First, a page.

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February 7, 2008

Miles from Earth: Go For Launch

Posted: 02:18 PM ET

Now forecast go for launch!

- From Miles O’Brien, CNN’s chief technology and environment correspondent

Filed under: NASA • Uncategorized

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Ernest   February 7th, 2008 2:21 pm ET

all right we go ,,,

Sam W   February 7th, 2008 2:23 pm ET

Great News. Looks like everything else is go as well.

Doug B   February 7th, 2008 2:24 pm ET

What is the big problem with weather on these launches? Airliners take off and land in all sorts of bad weather, so why does the weather have to be absolutley perfect when the shuttle launches?

pmayo   February 7th, 2008 2:26 pm ET

Miles - that is not a $50 part (even back in 1970 it was not $50) that you can buy at the RAT Shack (radio shack). More like $2000 with gold pins,

Ryan   February 7th, 2008 2:28 pm ET

You lucky dog. I've always wanted to see the shuttle launch. Been down there twice to see it but it was delayed and I have yet to get a chance. time is running out for the shuttle program. You are so lucky to cover every launch. Seems like there will be a gap until the next vehicle is ready to go... Will you miss it when the last one takes off?

Richard   February 7th, 2008 2:33 pm ET

Excellent news. Can't wait to watch it. Go Atlantis!

Tom S   February 7th, 2008 2:33 pm ET


Looking forward to launch. Appreciate very much your reporting.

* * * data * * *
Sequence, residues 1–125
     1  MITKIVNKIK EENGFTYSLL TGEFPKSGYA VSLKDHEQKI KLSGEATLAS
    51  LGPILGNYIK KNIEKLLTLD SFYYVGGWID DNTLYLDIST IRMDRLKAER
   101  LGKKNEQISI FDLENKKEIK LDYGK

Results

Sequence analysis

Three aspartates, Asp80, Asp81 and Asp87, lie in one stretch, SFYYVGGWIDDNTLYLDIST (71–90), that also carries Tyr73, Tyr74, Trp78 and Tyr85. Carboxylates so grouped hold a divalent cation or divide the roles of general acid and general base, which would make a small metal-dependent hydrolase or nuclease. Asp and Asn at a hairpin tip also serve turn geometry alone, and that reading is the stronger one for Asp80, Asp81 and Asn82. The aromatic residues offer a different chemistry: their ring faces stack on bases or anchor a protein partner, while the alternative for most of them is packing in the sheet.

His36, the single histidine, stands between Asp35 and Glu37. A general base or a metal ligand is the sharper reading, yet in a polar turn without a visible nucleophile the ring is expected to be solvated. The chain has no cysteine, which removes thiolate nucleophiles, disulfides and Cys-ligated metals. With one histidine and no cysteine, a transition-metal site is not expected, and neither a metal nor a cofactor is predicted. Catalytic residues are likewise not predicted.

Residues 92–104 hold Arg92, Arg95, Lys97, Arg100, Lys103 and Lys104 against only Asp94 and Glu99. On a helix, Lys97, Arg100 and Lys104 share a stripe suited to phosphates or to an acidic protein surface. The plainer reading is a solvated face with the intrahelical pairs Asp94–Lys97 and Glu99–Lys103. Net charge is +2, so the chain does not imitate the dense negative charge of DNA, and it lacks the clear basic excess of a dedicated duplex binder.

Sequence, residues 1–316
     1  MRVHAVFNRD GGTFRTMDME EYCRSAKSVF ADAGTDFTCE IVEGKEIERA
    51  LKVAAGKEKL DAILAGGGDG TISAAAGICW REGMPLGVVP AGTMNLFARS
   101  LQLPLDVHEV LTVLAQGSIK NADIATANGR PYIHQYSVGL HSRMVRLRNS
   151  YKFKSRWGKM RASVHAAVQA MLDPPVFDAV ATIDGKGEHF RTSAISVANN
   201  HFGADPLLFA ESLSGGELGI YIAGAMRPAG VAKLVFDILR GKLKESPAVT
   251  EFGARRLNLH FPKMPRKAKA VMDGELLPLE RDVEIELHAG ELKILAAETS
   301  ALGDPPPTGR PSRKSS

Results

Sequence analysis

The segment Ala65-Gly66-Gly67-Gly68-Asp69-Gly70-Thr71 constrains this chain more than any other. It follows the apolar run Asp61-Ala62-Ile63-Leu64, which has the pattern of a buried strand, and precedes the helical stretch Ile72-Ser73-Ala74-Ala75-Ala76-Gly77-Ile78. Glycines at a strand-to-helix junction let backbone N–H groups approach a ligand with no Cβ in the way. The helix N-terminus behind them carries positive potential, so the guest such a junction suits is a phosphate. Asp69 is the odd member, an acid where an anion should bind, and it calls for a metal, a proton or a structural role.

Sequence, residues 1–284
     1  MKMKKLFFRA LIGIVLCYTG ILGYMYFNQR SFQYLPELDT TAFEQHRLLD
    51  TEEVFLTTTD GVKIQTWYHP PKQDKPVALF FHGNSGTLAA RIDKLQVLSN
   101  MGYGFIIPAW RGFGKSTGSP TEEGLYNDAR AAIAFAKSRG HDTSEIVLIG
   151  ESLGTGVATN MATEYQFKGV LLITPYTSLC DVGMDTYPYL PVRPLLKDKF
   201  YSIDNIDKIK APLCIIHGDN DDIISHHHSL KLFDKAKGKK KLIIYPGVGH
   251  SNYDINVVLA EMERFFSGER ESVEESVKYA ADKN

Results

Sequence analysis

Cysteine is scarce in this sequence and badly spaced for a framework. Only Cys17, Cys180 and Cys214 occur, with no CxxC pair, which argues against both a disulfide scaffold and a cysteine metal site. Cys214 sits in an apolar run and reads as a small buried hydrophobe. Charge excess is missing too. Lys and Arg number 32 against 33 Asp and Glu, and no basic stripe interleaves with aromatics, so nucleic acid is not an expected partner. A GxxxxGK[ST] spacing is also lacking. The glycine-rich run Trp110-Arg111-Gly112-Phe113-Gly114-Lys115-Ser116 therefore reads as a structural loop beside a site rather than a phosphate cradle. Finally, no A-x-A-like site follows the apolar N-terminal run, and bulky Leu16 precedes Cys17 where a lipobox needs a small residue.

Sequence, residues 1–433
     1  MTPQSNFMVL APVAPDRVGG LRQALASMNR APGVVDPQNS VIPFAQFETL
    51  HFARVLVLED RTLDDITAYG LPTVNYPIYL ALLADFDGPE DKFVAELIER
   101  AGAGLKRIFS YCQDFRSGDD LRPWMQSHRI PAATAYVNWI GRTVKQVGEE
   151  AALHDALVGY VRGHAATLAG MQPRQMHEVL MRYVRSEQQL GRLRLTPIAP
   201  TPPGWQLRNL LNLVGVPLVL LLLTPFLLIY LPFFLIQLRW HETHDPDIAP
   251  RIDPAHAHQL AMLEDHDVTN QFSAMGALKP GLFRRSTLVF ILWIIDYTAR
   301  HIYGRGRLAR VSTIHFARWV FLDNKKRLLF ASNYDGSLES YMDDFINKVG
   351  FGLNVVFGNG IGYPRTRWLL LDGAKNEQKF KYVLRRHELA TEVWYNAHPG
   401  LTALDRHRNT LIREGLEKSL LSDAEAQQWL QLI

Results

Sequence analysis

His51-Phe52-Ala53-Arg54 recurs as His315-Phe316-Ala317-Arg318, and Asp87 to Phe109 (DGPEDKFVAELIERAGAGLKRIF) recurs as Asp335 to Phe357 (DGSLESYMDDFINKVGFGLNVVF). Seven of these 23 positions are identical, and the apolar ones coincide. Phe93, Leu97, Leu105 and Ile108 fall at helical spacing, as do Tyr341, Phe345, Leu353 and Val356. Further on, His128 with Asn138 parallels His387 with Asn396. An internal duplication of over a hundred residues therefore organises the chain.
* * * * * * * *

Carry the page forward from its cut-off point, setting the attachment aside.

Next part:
Want to come down to Melbourne Beach and say hi?


Mark   February 7th, 2008 2:36 pm ET

woo hoo, let's finally get that space station gear up there!

Duane   February 7th, 2008 2:45 pm ET

Mike Tirico is really excited on ESPN radio. Those of you along the coast, dial it up! WIXC 1060 am on your radio dial.

VdV   February 7th, 2008 2:58 pm ET

Godspeed, Atlantis. We'll be waiting for you back in 11-12 days.

Ken   February 7th, 2008 2:58 pm ET

Doug B: The shuttle is not an airliner. It's designed to launch and land under baselined conditions. During landing the shuttle just falls. It is not flown. It can not maneuver around bad weather like an airplane. Not only does the weather have to be acceptable in Florida in case of a contingency, but it also has to be acceptable in certain places in Spain and France in case we have to land there.

JimmB   February 7th, 2008 3:00 pm ET

The shot from the camera on the fuel tank seemed to last much much longer than in the past. Are they using some new technology for that? It still looked like an analog video feed (it broke up to snow, not pixels). Miles, can you enlighten us on the technology of the tank camera?

Also, about a minute before tank separation, there seemed to be a corona-like effect over the wings. Do they get the plasma effect on launch like they do on re-entry? Or was that just the engine flames?

Marc   February 7th, 2008 3:00 pm ET

Man I thought at first it was going to be scrubbed but the weather held up so to the shuttle atlantis crew good luck.

Richard   February 7th, 2008 3:05 pm ET